Are gifts and cards retailers relying on Christmas to drive sales?

The UK greeting card market is worth billions, with the value of Christmas greeting cards reaching £161.8m last year. With gifts and cards retailers witnessing an overall decline in sales, many may be banking on Christmas to improve trading. Retail Gazette talks to experts to find out whether relying on an annual event could prove fruitful.

In the UK, the 'Christmas shopping season' can start as early as October

Card and gift sales increase dramatically during the Christmas period – which in the UK can start as early as October – as people purchase gifts, decorations and other supplies to celebrate the festive season.

Consumers inevitably turn to greeting card retailers during this time, and in 2020 the estimated value of Christmas greeting cards sold as single cards in the UK was valued at £161.8 million.

The greeting card market in the UK is worth £1.57 billion, according to Statista (2018), but it appears that gifts and greeting card retailers – particularly those with a strong physical presence – are struggling to trade on the British high street.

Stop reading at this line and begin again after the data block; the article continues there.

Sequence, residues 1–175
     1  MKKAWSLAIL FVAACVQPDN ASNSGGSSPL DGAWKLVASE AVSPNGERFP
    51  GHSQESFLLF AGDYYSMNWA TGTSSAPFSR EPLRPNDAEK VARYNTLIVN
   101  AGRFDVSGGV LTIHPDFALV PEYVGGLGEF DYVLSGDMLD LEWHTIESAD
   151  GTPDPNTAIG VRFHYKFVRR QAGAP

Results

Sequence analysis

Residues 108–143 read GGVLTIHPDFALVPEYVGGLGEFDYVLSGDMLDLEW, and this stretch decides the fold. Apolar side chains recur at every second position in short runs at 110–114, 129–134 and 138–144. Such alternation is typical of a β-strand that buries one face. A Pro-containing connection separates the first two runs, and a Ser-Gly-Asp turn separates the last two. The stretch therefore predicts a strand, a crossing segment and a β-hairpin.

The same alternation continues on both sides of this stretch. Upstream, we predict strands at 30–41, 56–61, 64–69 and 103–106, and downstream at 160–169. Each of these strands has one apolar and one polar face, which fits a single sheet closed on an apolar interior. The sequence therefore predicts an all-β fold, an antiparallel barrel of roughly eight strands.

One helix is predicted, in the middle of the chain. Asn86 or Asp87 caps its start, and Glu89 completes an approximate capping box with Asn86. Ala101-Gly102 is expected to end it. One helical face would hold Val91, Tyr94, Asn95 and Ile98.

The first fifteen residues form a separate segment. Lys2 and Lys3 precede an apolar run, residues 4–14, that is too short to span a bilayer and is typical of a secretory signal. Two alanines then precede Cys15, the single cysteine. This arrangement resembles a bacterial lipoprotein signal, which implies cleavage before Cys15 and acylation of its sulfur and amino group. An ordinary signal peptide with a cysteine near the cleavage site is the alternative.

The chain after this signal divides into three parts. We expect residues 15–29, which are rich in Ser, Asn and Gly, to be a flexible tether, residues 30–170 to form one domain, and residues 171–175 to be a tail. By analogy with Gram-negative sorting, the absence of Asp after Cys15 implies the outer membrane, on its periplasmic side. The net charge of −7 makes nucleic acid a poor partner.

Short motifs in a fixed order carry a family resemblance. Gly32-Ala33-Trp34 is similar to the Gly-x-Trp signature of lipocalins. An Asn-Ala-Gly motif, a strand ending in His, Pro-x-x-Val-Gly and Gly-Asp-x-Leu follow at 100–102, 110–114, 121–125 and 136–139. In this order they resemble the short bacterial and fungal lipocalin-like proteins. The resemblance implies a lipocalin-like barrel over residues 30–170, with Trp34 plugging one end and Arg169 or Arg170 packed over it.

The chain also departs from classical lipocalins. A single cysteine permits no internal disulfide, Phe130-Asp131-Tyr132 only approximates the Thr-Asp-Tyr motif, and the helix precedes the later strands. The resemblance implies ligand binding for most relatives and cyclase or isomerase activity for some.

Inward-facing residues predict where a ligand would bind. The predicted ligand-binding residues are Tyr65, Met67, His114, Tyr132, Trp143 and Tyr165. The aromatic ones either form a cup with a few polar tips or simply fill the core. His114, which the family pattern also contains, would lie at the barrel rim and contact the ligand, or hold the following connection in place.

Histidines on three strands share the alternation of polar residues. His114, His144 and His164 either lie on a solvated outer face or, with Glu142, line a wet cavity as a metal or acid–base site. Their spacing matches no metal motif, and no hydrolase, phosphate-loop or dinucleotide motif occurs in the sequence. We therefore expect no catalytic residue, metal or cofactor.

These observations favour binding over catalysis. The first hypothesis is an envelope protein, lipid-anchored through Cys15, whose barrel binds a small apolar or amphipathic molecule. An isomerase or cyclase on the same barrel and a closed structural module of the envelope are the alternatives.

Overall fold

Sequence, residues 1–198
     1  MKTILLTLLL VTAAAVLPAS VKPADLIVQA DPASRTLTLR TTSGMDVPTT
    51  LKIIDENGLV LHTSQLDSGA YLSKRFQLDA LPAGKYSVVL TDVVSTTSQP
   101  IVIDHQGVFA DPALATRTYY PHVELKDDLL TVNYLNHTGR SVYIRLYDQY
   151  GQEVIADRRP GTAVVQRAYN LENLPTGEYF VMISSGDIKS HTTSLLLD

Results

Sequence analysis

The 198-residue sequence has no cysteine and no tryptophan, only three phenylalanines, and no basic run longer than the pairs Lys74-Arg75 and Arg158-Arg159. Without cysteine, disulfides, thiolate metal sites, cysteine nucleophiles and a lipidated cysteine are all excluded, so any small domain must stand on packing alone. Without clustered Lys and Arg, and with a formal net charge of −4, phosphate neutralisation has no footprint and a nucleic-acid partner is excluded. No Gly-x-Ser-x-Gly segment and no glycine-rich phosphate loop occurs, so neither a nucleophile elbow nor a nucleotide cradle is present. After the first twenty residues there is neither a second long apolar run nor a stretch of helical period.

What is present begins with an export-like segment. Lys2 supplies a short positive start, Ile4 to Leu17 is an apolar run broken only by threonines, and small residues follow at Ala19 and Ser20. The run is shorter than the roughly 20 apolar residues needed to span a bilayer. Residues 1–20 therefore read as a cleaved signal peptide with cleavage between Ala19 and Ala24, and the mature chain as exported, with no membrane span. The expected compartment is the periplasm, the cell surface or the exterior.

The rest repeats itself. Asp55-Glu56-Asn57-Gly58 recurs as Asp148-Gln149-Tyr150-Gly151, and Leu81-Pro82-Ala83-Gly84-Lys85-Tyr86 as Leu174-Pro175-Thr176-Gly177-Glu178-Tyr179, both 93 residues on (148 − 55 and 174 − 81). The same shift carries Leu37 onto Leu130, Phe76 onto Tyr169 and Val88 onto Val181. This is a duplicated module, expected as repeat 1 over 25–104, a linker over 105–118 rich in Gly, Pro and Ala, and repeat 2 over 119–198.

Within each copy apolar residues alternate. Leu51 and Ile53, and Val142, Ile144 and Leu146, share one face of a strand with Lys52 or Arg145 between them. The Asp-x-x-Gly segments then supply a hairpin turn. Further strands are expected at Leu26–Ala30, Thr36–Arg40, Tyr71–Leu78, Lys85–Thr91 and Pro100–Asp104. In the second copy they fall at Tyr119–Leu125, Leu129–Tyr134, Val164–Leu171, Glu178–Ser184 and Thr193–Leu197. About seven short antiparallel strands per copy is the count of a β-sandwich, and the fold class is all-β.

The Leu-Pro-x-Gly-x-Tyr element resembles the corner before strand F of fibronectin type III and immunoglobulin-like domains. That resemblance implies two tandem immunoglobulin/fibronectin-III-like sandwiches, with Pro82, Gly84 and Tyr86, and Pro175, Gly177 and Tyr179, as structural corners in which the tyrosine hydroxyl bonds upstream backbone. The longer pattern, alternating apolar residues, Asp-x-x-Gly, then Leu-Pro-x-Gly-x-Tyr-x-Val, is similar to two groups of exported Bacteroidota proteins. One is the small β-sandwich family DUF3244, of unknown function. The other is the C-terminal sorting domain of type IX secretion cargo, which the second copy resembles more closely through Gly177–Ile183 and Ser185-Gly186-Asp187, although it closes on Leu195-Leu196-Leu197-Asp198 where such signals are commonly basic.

This year, greeting cards and stationery retailer Paperchase shuttered a bunch of stores since it launched a CVA in 2019, while Clintons’ 2019 administration led to the threat of losing 2500 staff members.

As of 2018, the UK greeting card market value is worth £1.57bn

The year 2019 appeared to be a crucifying period for UK gifts and card retailers as Smiggle’s Aussie owner Premier Investments revealed plans to drastically downsize its business in the UK market. The plans would allow the retailer to reduce rents or axe 117 of its 134 stores.

In a hasty attempt to improve its offering, Clintons announced in September this year that it would begin selling a selection of alcoholic drinks for the first time after partnering with independent Shropshire distillery Henstone.

The Works saw its sales drop by almost 20 per cent for the 53 weeks to May 2. Total sales declined 19 per cent to £206.2 million.

Defying this trend, Card Factory recently reported an improvement in its sales as Brits returned to its stores after the Covid-19 pandemic.

The gift and cards retailer found that the average basket value over this quarter continued to exceed pre-pandemic levels – up 22.5 per cent on a two-year like-for-like basis. Its customers are already ”responding well” to its Christmas ranges, indicating that there have been early buying patterns for Christmas.